Firefox will let users delete collected data thanks to California's new privacy law

Mozilla is making changes to its browser, and not just for users in California.

Oscar Gonzalez Former staff reporter
Oscar Gonzalez is a Texas native who covered video games, conspiracy theories, misinformation and cryptocurrency.
Expertise Video Games, Misinformation, Conspiracy Theories, Cryptocurrency, NFTs, Movies, TV, Economy, Stocks
Laura Hautala
Laura Hautala
Laura Hautala Former Senior Writer
Laura wrote about e-commerce and Amazon, and she occasionally covered cool science topics. Previously, she broke down cybersecurity and privacy issues for CNET readers. Laura is based in Tacoma, Washington, and was into sourdough before the pandemic.
Expertise E-commerce, Amazon, earned wage access, online marketplaces, direct to consumer, unions, labor and employment, supply chain, cybersecurity, privacy, stalkerware, hacking. Credentials
  • 2022 Eddie Award for a single article in consumer technology
Oscar Gonzalez
Laura Hautala
2 min read
Mozilla Firefox icon logo

Firefox will soon have a new privacy feature for users. 

Stephen Shankland/CNET

Mozilla , maker of the Firefox web browser, says it's giving all users more control of their own data. The change is spurred by the California Consumer Privacy Act, or CCPA, which went into effect Wednesday. The new data privacy law gives California residents the right to know what personal data tech companies collect. It also enables people to ask companies to delete their data and not sell it. Mozilla said changes it's making under the CCPA will apply to every Firefox user, not just those in California.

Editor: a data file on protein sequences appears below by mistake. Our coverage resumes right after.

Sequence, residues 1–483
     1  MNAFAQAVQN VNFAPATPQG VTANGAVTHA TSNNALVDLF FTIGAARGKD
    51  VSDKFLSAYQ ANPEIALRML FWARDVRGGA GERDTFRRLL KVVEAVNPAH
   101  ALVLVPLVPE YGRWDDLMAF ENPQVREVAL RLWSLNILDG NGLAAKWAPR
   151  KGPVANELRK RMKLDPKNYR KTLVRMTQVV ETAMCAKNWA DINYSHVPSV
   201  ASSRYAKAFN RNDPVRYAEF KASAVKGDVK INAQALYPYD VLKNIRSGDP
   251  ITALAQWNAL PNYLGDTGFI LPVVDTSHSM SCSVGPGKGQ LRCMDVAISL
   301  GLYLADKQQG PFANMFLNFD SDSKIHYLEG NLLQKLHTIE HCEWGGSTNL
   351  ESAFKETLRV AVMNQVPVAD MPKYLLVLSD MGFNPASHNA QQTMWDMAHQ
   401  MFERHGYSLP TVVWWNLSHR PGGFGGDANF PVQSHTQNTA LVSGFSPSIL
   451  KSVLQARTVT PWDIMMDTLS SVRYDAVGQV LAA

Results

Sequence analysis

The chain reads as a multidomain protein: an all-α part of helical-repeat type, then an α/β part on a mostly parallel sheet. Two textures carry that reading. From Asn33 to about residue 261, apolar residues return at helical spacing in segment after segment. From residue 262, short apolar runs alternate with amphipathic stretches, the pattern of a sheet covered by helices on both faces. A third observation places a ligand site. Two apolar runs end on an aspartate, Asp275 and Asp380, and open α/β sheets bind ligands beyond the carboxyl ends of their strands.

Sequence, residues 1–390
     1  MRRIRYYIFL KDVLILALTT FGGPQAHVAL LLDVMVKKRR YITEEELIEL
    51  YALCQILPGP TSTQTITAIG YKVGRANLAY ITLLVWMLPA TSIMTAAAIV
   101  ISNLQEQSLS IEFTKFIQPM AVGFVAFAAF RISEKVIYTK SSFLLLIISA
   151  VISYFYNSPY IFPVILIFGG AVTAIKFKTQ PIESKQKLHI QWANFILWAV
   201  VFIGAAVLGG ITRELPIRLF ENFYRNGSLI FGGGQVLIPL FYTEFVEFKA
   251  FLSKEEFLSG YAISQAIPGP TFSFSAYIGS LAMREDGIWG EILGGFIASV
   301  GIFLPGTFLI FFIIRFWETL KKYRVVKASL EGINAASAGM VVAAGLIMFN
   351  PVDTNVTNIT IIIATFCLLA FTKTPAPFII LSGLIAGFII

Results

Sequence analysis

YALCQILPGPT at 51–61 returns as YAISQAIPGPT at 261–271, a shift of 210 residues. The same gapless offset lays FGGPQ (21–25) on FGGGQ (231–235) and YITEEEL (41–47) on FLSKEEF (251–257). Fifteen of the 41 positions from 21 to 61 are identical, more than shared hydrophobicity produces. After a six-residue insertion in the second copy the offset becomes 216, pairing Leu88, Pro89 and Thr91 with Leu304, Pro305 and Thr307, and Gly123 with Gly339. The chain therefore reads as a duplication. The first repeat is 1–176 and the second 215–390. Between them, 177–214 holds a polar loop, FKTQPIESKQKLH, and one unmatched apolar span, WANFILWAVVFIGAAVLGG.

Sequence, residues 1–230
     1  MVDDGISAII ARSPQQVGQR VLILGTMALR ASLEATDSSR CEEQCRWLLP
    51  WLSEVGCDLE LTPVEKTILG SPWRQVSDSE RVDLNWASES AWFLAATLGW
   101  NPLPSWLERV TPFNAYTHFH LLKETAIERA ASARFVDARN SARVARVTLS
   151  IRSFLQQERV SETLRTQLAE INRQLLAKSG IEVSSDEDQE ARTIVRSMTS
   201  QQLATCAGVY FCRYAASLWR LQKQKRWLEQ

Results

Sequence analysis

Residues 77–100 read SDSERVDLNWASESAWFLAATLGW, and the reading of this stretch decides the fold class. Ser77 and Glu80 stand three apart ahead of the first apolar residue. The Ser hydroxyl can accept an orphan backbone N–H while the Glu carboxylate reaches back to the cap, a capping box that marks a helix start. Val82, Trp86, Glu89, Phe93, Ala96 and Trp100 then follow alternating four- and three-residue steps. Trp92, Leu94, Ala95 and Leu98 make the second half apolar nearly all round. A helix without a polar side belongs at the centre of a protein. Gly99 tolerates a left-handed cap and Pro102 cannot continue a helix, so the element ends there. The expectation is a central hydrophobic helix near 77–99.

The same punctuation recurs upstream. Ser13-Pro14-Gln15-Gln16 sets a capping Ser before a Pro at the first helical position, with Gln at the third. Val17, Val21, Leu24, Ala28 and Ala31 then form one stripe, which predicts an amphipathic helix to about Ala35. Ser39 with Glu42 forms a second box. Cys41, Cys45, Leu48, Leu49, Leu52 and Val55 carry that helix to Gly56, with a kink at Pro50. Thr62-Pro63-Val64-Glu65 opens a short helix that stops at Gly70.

In a blog post Tuesday, Mozilla said it'll give Firefox users the option to delete their data collected by the company in the next version of the browser, which is set to be released Jan. 7. Firefox doesn't collect data on websites visited or search queries, but Mozilla said it'll let users choose to delete telemetry data, which covers things like how many tabs are open or how long a session was. Mozilla said it uses this data to improve the performance and security of Firefox.

Other companies, including Microsoft, have said they'll extend the rights required under the new law to users outside of California. The company said the law's requirements fit with its belief that privacy is a fundamental human right.

More companies may follow suit, whether for ideological or practical reasons. Legal observers say some companies may decide it's not worth it to create two different interfaces for users in different states, or to determine which users qualify as California residents under the law. What's more, other states have considered similar privacy laws, so the requirements could extend beyond California in the future.

CCPA also bars companies from discriminating against users who exercise their rights under the law, and lets users sue companies for data breaches that result from negligence. The CCPA is similar to Europe's General Data Protection Regulation, which went into effect in 2018.